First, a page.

Thursday, April 17, 2008

Wisdom from… [17 Apr]

FULGENTIUS OF RUSPE (468–533): A single heart and soul in all who believe

Scripture says that God's love has been poured into our hearts by the Holy Spirit he has given us. The Holy Spirit, who is the one Spirit of the Father and the Son, produces in those to whom he gives the grace of divine adoption the same effect as he produced among those whom the Acts of the Apostles describes as having received the Holy Spirit. We are told that the company of those who believed were of one heart and soul, because the one Spirit of the Father and the Son, who with the Father and the Son is one God, had created a single heart and soul in all those who believed.

That is why Saint Paul in his exhortation to the Ephesians says that this spiritual unity in the bond of peace must be carefully preserved. I, therefore, a prisoner for the Lord, he writes, beg you to lead a life worthy of your calling, with all humility and meekness and with patience, bearing with one another in love, eager to maintain the unity of the Spirit in the bond of peace. There is one body and one Spirit.

God makes the Church itself a sacrifice pleasing in his sight by preserving within it the love which his Holy Spirit has poured out. Thus the grace of that spiritual love is always available to us, enabling us continually to offer ourselves to God as a living sacrifice, holy and pleasing to him for ever.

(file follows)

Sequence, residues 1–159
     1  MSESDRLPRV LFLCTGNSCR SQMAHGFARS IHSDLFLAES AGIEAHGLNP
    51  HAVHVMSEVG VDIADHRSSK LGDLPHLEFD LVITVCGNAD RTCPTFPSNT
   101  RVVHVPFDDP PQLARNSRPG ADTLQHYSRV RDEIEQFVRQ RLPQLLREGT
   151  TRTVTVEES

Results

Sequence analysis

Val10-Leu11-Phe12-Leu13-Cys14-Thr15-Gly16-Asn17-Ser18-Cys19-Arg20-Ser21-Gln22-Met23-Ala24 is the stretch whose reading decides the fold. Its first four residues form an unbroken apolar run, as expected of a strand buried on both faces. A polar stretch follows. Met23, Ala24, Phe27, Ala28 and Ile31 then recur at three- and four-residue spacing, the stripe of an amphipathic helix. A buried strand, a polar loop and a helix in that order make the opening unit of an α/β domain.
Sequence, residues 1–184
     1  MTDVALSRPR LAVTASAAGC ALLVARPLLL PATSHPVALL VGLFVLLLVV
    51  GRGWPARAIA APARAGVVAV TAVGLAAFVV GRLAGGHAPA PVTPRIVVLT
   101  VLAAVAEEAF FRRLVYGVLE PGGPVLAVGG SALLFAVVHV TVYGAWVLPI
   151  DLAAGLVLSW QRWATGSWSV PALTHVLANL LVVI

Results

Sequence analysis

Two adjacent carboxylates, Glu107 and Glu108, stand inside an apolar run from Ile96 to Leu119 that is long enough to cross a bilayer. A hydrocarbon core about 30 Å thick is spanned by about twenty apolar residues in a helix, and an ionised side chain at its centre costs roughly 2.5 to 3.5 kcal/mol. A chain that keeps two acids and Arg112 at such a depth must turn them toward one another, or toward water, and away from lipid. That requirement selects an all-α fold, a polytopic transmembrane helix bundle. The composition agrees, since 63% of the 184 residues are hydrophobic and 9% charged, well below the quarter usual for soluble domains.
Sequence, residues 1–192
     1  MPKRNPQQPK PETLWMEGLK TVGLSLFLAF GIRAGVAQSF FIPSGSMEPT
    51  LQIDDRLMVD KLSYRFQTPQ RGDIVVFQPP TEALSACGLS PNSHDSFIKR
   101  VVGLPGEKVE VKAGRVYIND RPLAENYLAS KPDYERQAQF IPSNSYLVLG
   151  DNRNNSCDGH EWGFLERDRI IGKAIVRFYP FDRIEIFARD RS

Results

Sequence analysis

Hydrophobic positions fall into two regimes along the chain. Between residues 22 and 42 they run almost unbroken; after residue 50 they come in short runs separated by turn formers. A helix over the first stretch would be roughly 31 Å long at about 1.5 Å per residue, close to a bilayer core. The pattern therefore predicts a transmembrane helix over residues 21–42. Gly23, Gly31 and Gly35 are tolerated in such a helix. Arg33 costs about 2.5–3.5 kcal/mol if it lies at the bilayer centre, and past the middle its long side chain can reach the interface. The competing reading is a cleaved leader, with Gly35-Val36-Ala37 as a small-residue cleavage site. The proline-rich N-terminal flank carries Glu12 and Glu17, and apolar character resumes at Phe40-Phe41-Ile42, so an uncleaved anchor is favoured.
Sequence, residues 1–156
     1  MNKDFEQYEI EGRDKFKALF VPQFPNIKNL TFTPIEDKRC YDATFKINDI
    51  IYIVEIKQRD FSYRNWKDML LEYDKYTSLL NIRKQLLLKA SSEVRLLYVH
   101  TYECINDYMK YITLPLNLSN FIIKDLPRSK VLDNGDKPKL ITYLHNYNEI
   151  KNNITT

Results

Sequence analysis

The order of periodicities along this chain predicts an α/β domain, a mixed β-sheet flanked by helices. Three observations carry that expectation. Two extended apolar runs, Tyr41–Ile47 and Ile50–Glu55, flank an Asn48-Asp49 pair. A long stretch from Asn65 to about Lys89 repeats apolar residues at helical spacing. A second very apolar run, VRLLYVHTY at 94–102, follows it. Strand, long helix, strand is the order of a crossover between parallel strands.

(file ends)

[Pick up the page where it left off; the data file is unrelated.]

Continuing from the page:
(Ad Monimum II, 11: CCL 91, 46-47.)

Bishop of Ruspe in northern Africa, Fulgentius was a faithful disciple of Augustine and the best theologian of his time.

ST AUGUSTINE: Be an Ant of God

Emulate the tiny ant; be an ant of God. Listen to the word of God and hide it in your heart. Collect plenty of food during the happy days of your spiritual summers. You will then be able to endure the difficult days of temptations during the winters of your soul.
-- Sermon 38, 6

Prayer. Lord, you are delightful food for the pure of heart.
-- Confessions 13, 21


The chief intention that you must have in going to Communion should be to advance in the love of God. Communion should strengthen and comfort you in this love. Receive with love the gift of love. There is no more loving or more tender gift of the Savior than this. Here He annihilates Himself, so to speak, and changes Himself into food, so that He may fill our souls, intimately uniting Himself to the heart and body of the faithful person.
(Spiritual Treatises, II, Ch. 21; O. III, p. 121)


HOW high the sea of human happiness rose in the Middle Ages, we now only know by the colossal walls that they built to keep it in bounds. How low human happiness sank in the twentieth century, our children will only know by these extraordinary modern books, which tell people to be cheerful and that life is not so bad after all. Humanity never produces optimists till it has ceased to produce happy men. It is strange to be obliged to impose a holiday like a fast, and to drive men to a banquet with spears.
('George Bernard Shaw.')

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